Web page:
Take Control And Make It Your Own

I hope these insights and suggestions have been helpful. The continuous drive for excellence is a path littered with pitfalls, but smart lifters know how to make the appropriate adjustments. If you’ve picked up a few tricks along the way that I haven’t mentioned here, please share your insights below. I look forward to your input!

About the Author

“One of the signs of a great teacher is the ability to make the subject matter seem simple. Charles Staley is one of these rare teachers. After listening and talking to him, you suddenly achieve a new awareness of training. You go to the gym and, suddenly, everything makes sense, and you wonder why you haven’t been doing it his way since day one.” – Muscle Media 2000 magazine August, 1999

Prominent both the United States and across the globe, Charles is recognized as an insightful coach and innovator in the field of human performance. His knowledge, skills and reputation have lead to appearances on NBC’s The TODAY Show and The CBS Early Show, along with numerous radio appearances. He has also authored more than a thousand articles for leading fitness publications and websites, and has lectured to eager audiences around the World.

Charles is not only a thinker, but also a doer: At age 54, he competes in the sport of raw powerlifting, and is a 2-time World Champion (220 and 198-pound weight classes). Find Charles online at For distance coaching opportunities, email Charles at


The Standing Band Hip Thrust

Here is the standing band hip thrust. It’s sort of like a cable pull-through, with more stability but less constant tension (with bands, the tension is mostly at end-range).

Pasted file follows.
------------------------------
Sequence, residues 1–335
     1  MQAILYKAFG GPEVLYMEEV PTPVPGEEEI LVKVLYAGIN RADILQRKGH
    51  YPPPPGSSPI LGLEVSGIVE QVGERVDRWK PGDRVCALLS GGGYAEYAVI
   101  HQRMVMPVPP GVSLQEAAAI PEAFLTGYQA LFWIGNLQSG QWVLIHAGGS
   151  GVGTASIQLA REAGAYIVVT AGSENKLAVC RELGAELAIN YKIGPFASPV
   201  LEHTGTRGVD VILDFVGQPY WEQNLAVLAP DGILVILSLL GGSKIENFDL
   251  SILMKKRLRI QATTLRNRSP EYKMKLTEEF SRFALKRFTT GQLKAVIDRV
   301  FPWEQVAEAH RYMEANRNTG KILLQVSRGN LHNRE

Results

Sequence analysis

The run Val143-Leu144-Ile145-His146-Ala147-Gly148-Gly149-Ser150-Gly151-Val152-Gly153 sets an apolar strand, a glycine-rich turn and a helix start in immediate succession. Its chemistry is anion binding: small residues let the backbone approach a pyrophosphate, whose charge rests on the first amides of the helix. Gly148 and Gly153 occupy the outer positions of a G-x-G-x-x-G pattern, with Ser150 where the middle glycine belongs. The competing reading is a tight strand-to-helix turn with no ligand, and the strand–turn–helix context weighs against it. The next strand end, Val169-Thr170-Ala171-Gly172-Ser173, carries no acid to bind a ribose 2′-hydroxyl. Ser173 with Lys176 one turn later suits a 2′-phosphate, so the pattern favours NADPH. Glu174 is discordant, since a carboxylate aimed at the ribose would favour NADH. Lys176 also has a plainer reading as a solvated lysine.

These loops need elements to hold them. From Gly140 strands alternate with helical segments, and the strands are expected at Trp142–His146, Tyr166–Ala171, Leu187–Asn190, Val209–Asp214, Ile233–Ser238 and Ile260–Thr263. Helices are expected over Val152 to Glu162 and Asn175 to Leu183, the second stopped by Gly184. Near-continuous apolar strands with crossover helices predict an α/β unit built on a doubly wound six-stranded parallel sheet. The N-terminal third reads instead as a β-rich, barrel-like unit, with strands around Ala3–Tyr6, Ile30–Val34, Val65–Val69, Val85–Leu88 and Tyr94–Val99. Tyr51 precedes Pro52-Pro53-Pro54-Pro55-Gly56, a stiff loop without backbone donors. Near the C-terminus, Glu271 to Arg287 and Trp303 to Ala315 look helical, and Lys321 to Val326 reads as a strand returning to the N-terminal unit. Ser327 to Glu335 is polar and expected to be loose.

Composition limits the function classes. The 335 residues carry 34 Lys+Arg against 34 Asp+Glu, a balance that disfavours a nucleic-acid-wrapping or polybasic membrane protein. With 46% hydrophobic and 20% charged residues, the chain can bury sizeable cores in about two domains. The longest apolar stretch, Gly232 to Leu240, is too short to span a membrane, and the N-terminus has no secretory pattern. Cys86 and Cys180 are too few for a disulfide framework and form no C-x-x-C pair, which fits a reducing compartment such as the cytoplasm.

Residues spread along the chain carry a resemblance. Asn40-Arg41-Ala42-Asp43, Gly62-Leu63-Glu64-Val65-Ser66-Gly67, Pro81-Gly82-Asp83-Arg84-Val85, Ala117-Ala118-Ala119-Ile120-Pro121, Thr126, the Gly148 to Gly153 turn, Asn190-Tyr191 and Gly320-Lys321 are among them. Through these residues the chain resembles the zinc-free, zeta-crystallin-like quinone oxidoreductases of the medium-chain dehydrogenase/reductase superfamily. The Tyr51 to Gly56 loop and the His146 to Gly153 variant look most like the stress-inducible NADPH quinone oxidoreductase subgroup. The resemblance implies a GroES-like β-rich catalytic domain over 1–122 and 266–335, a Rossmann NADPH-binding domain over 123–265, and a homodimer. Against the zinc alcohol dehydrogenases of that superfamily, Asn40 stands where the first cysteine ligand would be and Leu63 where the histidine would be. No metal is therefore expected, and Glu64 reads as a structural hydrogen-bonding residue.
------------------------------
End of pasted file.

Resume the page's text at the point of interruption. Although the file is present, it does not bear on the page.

I don’t feel that the standing band hip thrust is as effective as a supine band hip thrust for the glutes due to the knee position (bent legs will involve more glutes and less hammy, whereas straight legs will involve more hammy and less glutes) and the lesser stability (with the supine version, your upper back is resting on a bench). However, it’s certainly more convenient and easier to set up. In addition, the standing pattern might help better groove barbell hip thrust improvements into squat and deadlift variation mechanics.

I performed 3 sets of 8 reps with a 3-second pause and found them to be an effective movement. For glute building, I wouldn’t put them in the same category as hip thrusts, but we’re all unique, and some folks might feel the standing variation thoroughly working their glutes. Give it a try and see what you think.

band standing hip thrust